FoodPort is risky, revolutionary and necessary

Dec 23, 2015 at 3:05 pm
Rendering of the FoodPort by OMA
Rendering of the FoodPort by OMA

The original concept of the West Louisville FoodPort was not the dynamic infrastructure it’s planned to be now. Originally, developers described it as a food hub, like many other food hubs that already exist across the country. A traditional food hub functions as an independent entity, simply aggregating and distributing food. Unlike a hub, the FoodPort will be a business park where many businesses, farmers, entrepreneurs and regular folks will gather to do business, not against each other, but alongside each other as partners, sharing resources and relationships, increasing demand from farmers and engaging the neighborhood surrounding it.

I interviewed Caroline Heine of Seed Capital Kentucky recently. She’s the project manager for the development of the FoodPort and said it’s bound to change some lives, in part because it will be the first of its kind in the country. Jobs will become available for the chronically unemployed, underemployed and hard-to-employ neighbors beginning in 2016. Alongside larger businesses, the FoodPort will have room for entrepreneurs. Families can increase the nutrition they serve at their dinner tables. Would-be urban farmers can learn how to start a garden. Maybe one day no one will remember what the site looked like as a cold and ghostly relic of big tobacco.

Because the dynamic concept of the FoodPort is so new, with big promises directed at the heart of Louisville’s most neglected population, some urban residents are wary of the FoodPort, as are some rural farmers who are equally distrustful of new methods. But, satisfying West Louisville’s chronic need for food accessibility requires this risk. Within the nine neighborhoods that make up the city’s food desert, some 60,000 of our neighbors are living with little to no regular access to fresh foods.

Louisville has one food hub already. New Root’s Fresh Stops are registered with the USDA as a non-profit food hub. While New Roots does much good with its Fresh Stop locations, food is available only bi-weekly between May and December. Unfortunately, sporadic in-season availability can’t offer enough food security to make the bigger food changes people need in their daily lives.

For all of us, local food is still harder to access than food trucked in from across the globe. But, in food deserts, fresh food is scarce. Fast food, and whatever one finds at the corner store make up a food desert’s only regular bounty.

A modern, fully functional local food system where all people have daily access to fresh, local foods doesn’t exist yet, which is what makes the development of the FoodPort so critical to the future of our city. For people who need food the most, transportation, poor health and employment during the slim hours of a Saturday farmers market can be barriers between people and healthful food. Fixing our food system requires a new remedy, not just another farmers market, but something that hasn’t been done before.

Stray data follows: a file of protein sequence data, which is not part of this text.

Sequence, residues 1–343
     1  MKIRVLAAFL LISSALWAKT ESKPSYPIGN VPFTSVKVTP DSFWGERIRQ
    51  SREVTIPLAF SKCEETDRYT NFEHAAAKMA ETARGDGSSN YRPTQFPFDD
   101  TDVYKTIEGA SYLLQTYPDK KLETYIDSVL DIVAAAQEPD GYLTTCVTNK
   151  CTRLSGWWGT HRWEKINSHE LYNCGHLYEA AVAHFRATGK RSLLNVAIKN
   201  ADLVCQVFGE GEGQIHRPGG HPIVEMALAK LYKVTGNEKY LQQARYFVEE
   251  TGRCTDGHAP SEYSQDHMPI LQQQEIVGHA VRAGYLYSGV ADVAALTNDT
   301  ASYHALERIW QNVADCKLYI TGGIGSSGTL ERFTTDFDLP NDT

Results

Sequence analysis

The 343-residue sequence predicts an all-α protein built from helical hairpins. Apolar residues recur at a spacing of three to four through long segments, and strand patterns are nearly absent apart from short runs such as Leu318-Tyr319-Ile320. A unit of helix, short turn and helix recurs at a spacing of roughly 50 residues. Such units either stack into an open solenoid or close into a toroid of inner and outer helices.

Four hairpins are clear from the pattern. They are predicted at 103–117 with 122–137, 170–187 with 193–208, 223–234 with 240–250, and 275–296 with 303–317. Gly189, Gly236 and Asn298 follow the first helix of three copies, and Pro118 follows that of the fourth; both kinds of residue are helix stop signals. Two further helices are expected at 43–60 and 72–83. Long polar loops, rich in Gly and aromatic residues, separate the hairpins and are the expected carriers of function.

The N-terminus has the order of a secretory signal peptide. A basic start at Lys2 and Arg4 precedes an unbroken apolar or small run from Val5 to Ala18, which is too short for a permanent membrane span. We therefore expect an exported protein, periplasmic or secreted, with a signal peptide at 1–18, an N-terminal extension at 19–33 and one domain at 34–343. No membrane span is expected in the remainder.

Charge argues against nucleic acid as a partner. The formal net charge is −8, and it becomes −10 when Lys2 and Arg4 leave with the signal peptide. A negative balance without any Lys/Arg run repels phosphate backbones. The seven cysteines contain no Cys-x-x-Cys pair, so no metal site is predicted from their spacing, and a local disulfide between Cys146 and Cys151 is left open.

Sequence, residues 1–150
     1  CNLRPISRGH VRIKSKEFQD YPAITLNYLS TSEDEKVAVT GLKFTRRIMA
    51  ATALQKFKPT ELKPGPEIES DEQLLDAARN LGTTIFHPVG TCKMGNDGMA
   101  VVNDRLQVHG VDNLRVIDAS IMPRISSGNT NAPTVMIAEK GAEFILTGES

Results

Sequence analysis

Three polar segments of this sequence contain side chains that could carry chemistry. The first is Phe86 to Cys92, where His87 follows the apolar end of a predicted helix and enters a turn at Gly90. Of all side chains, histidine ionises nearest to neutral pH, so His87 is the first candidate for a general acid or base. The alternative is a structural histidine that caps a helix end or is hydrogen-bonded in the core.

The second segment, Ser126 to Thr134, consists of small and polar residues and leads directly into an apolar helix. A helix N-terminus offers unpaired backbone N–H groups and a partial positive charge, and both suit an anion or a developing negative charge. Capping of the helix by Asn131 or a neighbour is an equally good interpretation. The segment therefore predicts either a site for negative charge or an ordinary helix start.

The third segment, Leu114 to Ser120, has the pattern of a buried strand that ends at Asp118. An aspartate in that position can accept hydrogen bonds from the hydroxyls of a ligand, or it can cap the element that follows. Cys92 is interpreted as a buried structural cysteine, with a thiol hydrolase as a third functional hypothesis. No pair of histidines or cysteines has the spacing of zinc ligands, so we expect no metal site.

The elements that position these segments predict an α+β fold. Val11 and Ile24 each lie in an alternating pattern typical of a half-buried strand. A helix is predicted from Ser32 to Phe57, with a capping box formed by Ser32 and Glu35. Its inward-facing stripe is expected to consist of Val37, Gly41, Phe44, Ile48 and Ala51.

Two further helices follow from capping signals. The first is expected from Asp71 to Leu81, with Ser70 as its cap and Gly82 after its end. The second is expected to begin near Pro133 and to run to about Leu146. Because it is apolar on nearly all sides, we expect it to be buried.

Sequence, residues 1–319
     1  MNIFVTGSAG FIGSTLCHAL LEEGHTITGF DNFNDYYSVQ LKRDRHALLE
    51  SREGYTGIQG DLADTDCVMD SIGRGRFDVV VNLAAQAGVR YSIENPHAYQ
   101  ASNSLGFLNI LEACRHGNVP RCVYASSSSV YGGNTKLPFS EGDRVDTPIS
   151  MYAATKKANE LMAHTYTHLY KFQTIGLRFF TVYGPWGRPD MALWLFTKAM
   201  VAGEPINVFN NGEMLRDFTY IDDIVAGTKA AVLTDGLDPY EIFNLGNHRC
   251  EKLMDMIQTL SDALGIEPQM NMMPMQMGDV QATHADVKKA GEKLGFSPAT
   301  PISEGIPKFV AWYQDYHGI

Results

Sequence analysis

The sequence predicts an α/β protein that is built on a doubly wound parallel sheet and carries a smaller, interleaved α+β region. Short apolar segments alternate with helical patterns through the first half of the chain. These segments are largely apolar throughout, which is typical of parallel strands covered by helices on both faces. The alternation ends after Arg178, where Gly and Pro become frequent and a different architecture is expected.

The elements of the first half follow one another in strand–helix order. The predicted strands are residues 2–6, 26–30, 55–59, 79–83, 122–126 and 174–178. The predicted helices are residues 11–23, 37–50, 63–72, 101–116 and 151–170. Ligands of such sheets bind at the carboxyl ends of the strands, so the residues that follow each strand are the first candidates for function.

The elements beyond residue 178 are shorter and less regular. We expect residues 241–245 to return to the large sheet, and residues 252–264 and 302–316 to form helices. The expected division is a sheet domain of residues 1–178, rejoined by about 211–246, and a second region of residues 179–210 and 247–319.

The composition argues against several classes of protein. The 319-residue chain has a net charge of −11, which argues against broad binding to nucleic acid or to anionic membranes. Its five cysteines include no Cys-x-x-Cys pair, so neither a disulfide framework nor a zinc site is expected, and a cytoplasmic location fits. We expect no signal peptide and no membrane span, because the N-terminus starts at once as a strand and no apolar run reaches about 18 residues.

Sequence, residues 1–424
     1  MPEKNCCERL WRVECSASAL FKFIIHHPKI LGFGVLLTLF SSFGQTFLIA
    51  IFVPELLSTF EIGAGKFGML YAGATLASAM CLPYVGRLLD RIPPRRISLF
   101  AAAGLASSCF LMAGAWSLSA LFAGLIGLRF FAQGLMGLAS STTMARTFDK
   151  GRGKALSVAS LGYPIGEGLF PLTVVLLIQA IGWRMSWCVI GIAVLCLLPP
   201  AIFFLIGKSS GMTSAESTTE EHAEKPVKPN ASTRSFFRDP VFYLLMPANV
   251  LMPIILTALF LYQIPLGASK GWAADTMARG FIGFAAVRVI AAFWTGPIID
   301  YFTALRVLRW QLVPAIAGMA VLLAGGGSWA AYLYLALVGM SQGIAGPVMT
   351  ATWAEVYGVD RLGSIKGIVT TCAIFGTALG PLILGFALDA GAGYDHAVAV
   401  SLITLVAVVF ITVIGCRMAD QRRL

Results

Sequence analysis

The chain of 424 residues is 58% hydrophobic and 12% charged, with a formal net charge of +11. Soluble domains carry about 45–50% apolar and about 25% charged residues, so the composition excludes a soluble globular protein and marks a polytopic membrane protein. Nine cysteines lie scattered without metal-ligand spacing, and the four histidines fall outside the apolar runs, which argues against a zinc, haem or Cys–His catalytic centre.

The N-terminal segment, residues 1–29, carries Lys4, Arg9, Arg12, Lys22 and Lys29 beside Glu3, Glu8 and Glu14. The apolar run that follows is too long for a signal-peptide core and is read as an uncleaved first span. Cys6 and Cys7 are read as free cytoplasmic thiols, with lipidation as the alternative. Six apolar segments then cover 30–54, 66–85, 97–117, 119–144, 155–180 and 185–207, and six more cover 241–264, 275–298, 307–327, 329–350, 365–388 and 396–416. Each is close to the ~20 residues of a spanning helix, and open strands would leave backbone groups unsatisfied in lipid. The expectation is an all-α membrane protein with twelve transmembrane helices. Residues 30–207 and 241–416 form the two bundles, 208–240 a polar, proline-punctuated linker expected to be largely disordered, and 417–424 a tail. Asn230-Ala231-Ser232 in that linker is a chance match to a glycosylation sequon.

Creating the FoodPort is a bold move — its very concept challenges the status quo of our entire food system, eaters and farmers included. The day it opens its doors could be the tipping point that changes the future and the culture of how Louisville eats, how healthfully we live, and it could model a progressive food system for other big cities across the country. Its very nature ensures some people won’t like it.

FoodPort developers and community board members are working from a core set of values it created to help guide the complicated process of creating its new system of food accessibility: transparency, honesty, inclusiveness, collaboration and sustainability. This doesn’t mean that mistakes aren’t inevitable. Big ones and small ones, and others the community doesn’t like will probably continue to some degree.

Was the anaerobic digester (methane plant) portion of the project a mistake? It was a fantastic sustainability strategy for diverting useful food waste, but it was scrapped after residents refused to accept a methane plant in their neighborhood. That was a victory for neighbors who have joined the discussion and who have helped to create the version of the FoodPort they want to see in West Louisville. Yet disapproval of one aspect should not be considered disapproval for the whole project.

If not for its projected success and developers’ fierce desire to improve food availability, the project would be pointless. Seed Capital Kentucky is building the figurative bridge, a community place, where neighbors and growers and processors and foods will all come — it’s a concept that has always been missing from our conversations about local food solutions. •

Rachel Hurd Anger is an urban farming writer in Louisville. Her work has appeared in many publications including her weekly advice column for urban chicken keepers at